Jack Dominian

The object of the Christian life is to know, love and serve God. In fact Jesus made it clear that the heart of faith is love.

But when the Pharisees heard that He had silenced the Sadducees they got together and, to disconcert him, one of them put a question, 'Master, which is the greatest commandment of the Law?' Jesus said 'You must love the Lord your God with all your heart with all your soul and with all your mind. This is the greatest and the first commandment. The second resembles it: You must love your neighbour as yourself. On these two commandments hang the whole Law and the Prophets also.'

Clearly, love is at the centre of the relationship between God and man, and between human beings themselves. This love involves the heart which means affect, the mind which contains reason, and the soul which is the sphere of spiritual discernment. But men and women are not dualistic entities, they are not matter and spirit, they operate as whole beings. In this operation their awareness of what is right and wrong, their freedom to choose between the two and their capacity to assent to their decisions have been traditionally the elements making up responsibility for their actions.

What is right and wrong has been discerned from revelation through the inspired word of the Bible. Here there are two traditions that have held sway. The Roman Catholic one which claims that the teaching Church interprets the word of God, and the Protestant one which encourages a more direct dialogue between the Bible and the individual believer. For both, however, revelation is a primary source of teaching of divine truth.

Revelation is supplemented by reference to tradition and natural law. Thus revelation, tradition and natural law form a core of truth to which the Christian tries to adhere. This adherence is achieved by a combination of discernment by the soul and the individual's rationality. In this respect freedom plays a vital part in the choice and consent of an individual action.

Traditional psychology emphasized that human action was ultimately focused on the will which chose from a spectrum of right and wrong and finally gave assent to a decision. In this perspective, which belonged to all the Churches but was emphasized particularly by the Roman Catholic Church, sin consisted of an action which was wrong, for which the individual had full freedom and exercised full consent. Sin thus constituted the free decision of the whole personality against the will of God. Sin was divided into serious or mortal, and minor or venial.

Having committed a sin, the Catholic Christian went to Confession which is the Sacrament of Penance. In Confession the minister acts in the name of the Church as the forgiving presence of Christ.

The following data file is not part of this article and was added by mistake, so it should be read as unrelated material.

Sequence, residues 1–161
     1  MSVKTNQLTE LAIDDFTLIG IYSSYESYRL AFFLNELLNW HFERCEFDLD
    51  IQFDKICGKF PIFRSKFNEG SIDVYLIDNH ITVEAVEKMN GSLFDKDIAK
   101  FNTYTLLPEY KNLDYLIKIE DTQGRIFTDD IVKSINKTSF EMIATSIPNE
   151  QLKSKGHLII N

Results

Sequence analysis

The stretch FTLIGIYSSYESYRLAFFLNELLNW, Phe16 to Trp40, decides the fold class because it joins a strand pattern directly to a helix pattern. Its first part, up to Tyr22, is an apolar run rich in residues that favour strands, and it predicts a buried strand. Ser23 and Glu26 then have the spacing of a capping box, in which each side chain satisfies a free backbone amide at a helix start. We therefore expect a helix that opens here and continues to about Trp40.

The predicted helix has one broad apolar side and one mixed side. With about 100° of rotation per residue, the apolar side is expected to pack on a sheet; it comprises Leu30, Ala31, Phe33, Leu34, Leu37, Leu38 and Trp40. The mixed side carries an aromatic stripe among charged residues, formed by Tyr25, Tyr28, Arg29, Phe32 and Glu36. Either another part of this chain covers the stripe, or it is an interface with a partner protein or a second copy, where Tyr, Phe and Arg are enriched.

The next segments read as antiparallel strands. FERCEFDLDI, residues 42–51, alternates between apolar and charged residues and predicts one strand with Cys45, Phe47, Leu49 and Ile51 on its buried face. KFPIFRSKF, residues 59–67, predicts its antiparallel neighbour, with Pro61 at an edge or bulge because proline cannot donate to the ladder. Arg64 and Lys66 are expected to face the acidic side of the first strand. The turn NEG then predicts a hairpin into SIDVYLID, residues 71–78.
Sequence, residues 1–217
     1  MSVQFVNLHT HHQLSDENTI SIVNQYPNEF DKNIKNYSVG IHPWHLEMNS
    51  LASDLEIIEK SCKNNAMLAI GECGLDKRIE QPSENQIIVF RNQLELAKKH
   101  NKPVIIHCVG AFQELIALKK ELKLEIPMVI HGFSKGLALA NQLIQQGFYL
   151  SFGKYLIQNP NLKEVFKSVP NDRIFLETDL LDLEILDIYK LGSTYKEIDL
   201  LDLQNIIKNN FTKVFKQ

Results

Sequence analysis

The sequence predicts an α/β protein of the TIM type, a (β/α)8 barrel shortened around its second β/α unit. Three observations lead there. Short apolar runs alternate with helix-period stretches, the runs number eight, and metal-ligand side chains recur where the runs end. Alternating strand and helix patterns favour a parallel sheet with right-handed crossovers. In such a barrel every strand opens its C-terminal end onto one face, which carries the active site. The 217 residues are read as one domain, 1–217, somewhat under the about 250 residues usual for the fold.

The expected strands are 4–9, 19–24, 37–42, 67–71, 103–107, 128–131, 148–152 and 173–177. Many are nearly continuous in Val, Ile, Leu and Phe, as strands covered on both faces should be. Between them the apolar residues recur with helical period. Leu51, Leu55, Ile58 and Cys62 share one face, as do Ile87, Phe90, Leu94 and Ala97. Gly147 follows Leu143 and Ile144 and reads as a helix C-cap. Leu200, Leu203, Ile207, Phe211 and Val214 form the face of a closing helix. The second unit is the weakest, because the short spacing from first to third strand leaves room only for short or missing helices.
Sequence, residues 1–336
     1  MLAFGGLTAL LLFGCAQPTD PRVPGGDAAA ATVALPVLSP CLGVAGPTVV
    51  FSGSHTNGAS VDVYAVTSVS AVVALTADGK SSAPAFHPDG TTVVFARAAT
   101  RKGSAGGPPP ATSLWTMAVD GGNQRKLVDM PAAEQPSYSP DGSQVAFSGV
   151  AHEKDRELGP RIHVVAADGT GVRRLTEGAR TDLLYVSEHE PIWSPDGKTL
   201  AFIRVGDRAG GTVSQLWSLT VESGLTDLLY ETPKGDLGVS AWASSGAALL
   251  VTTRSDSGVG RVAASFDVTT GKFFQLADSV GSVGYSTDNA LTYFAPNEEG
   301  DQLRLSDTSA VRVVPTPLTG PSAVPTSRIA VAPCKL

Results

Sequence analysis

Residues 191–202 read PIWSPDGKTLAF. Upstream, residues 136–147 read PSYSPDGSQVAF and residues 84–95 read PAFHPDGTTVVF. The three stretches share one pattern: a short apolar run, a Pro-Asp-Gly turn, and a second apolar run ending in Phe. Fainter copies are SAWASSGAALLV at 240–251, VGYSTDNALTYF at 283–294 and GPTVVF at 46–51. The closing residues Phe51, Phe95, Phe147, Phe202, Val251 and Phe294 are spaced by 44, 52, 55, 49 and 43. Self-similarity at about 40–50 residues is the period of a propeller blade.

In the evening of that same day, the first day of the week, the doors were closed in the room where the disciples were, for fear of the Jews. Jesus came and stood among them. He said to them 'Peace be with you', and showed them his hands and his side. The disciples were filled with joy when they saw the Lord, and he said to them again 'Peace be with you. As the Father sent me, so I am sending you.' After saying this he breathed on them and said 'Receive the Holy Spirit for those whose sins you forgive they are forgiven, for those whose sins you retain they are retained.'

Initially in the early Church, confession was carried out publicly and allowed (though with some variety) once in a lifetime. Eventually it became private and could be repeated, and, indeed, in recent centuries frequent Confession was considered a good Christian practice. Those who went to Confession disclosed their sins, sought absolution and made an act of contrition. Until the mid-seventies this form of Confession was very common, in particular in the Roman Catholic tradition. In pastoral practice it presented a number of problems. The absolution received often became mechanical; the penitent repeated the same sins between one weekly confession and the next. There was no basic transformation of the personality. Confession became superficial and, although large numbers attended, it became a routine without much meaning.

In the 1970s private confession became less common, and currently very few people go to Confession in the Roman Catholic Church, despite repeated attempts to re-activate the Sacrament. The demise of Confession is a complex phenomenon. It is associated with a drop in all Church activities, including liturgical attendance. But at a deeper level there is an awareness that traditional Confession did not involve the whole personality and that psychological factors play a much greater role in human responsibility and freedom in action. Whilst Confession continues with diminished frequency there is a much greater awareness of the impact of dynamic psychology on the human personality and on what we understand by sin.

Millions of Roman Catholics and Christians of other denominations grew up with this understanding of sin which presupposed clear knowledge, free consent and, for mortal sin, grave matter; and the manuals of the past spent a great deal of time interpreting what constituted clear knowledge, free consent and grave matter. This language has virtually disappeared today; in fact, over the last thirty years, there has been a shift from this rational psychology to the present model which will be considered in this chapter.

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